Should We Commemorate Thanksgiving?Back >
November 28, 2019
Thanksgiving Mourning commemoration at statue of Massasoit in Plymouth, Mass. (Courtesy CDN-News.WGBH.org)
By Dee Fowler
We all think we know the story of the first Thanksgiving; how the grateful Pilgrims shared their harvest with the friendly Indians who helped them survive that first winter in the New World. In fact, a small group of undocumented asylum seekers threw a potluck to celebrate surviving their first winter and give thanks for a successful harvest. The “guests,” according to Indian Country, were alerted by celebratory gunfire and actually deployed 90 warriors on “a fact-finding mission”.
When they arrived it was explained through a translator that they were celebrating the harvest, so we decided to stay and make sure that was true, because we’d seen in the other landings—[Captain John] Smith, even the Vikings had been here—so we wanted to make sure so we decided to camp nearby for a few days. … They [the colonists] were always vulnerable to the new land, new creatures, even the trees … . In the true history of Thanksgiving, they were very vulnerable and we did protect them, not just support them, we protected them. You can see throughout their journals that they were always nervous and, unfortunately, when they were nervous they were very aggressive.
There’s been more mainstream discussion about the menu than about the treaty that the parties established seven months earlier. The Pilgrims and Wampanoag Nation pledged a non-aggression pact and established a trade relationship that would last fifty years. The Pilgrims didn’t consider themselves empowered to negotiate in the name of the King of England, so the Wampanoags didn’t enjoy as much protection as they otherwise might have.
The indigenous people had established a stable community. True, their numbers had been decimated by diseases imported by earlier English arrivals. The initial, mutually beneficial relationship deteriorated within two generations. The ensuing story is a cautionary tale of imperialism and colonization; followed by cultural, economic and environmental devastation.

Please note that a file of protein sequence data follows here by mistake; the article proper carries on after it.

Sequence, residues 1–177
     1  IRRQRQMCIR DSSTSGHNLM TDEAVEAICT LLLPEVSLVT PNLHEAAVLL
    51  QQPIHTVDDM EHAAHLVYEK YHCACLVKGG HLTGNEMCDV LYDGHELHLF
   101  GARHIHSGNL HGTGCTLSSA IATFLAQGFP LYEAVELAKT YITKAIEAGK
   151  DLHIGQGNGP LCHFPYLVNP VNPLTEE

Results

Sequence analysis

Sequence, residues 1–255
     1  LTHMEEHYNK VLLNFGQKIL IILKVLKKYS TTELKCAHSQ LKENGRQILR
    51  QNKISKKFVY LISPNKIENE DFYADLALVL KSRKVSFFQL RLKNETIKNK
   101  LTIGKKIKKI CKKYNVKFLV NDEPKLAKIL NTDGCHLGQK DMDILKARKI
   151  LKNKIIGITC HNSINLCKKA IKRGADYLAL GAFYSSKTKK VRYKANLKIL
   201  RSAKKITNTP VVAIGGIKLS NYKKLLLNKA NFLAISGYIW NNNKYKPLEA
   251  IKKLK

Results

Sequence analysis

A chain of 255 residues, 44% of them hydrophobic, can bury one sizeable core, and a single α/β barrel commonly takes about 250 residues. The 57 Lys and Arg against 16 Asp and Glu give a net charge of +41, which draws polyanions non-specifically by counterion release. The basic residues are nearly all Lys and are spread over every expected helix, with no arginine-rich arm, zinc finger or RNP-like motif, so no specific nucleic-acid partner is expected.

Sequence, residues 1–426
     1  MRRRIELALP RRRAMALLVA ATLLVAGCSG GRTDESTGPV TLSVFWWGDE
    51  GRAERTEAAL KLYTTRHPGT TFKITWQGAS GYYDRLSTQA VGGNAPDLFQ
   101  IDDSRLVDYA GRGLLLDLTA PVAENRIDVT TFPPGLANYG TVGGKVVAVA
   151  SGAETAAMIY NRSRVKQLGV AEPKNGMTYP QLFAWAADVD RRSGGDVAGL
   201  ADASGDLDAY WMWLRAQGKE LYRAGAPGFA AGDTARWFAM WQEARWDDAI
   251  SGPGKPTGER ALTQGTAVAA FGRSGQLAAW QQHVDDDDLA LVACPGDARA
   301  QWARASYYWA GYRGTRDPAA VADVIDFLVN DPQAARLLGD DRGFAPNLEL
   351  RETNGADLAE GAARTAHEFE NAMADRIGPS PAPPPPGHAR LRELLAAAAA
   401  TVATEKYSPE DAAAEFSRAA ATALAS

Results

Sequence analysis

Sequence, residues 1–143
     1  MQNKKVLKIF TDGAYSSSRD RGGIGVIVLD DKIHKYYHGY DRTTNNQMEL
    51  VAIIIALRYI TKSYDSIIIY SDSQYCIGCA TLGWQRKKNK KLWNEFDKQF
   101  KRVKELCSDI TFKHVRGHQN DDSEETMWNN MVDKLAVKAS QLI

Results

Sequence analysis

Today, non-indegenous communities generally either ignore Thanksgiving’s fraught history or walk a tightrope between apologizing our way through the shopping and feasting and a nagging feeling that we perhaps shouldn’t even celebrate at all.
Just as each Native community suffered colonization differently, there is no unitary Native American position on the Thanksgiving holiday. Wamsutta (Frank B.) James, a descendant of the parties to that broken treaty, wrote Thanksgiving Mourning in opposition to the holiday. He sees Thanksgiving a “time of reflection” in which two disparate peoples see things from two distinct perspectives. He mourns the Native lives lost to violence and slavery while struggling to overcome circumstances that make him “a product of poverty and discrimination from these two social and economic diseases.”
Jacqueline Keeler follows her Dineh mother’s example as she reclaims the holiday. At age six, Keeler’s mom taught her children not to sing “Land of the Pilgrim's pride” in “America the Beautiful”. … “‘Our people,’ she said, had been here much longer and taken much better care of the land. We were to sing ‘Land of the Indian's pride’ instead.”
That pride is nurtured in part by practices that are now considered eco-friendly and sustainable. “Since that initial sharing,” Keeler explained, “Native American food has spread around the world. Nearly 70 percent of all crops grown today were originally cultivated by Native American peoples.”
The First Nations contributed to the cultural, economic, judicial, and scientific life of this continent. We, the non-Native peoples, often unknowingly follow their example or appropriate their contributions in an effort to improve our lives. As our environment becomes more toxic and the planet warms, leading scientists advise us to shrink the footprint we’re leaving on this land. We will all benefit if we affirm to be more mindful of what we do and respectful toward those to whom we owe so much.
“Uncovering the True History of Thanksgiving.” IndianCountryToday.com, http://bit.ly/TrueHistoryThanksgiving
“The Pilgrim-Wampanoag Peace Treaty.” History.com, A&E Television Networks, 9 Feb. 2010, http://bit.ly/PilgrimWampanoagTreaty
“Suppressed Speech.” UAINE, http://bit.ly/PilgrimWampanoagTreaty
“Thanksgiving Mourning.” Teaching Tolerance, http://bit.ly/TeachThanksgivingMourning
Native American Thanksgiving, http://bit.ly/ReclaimingThanksgiving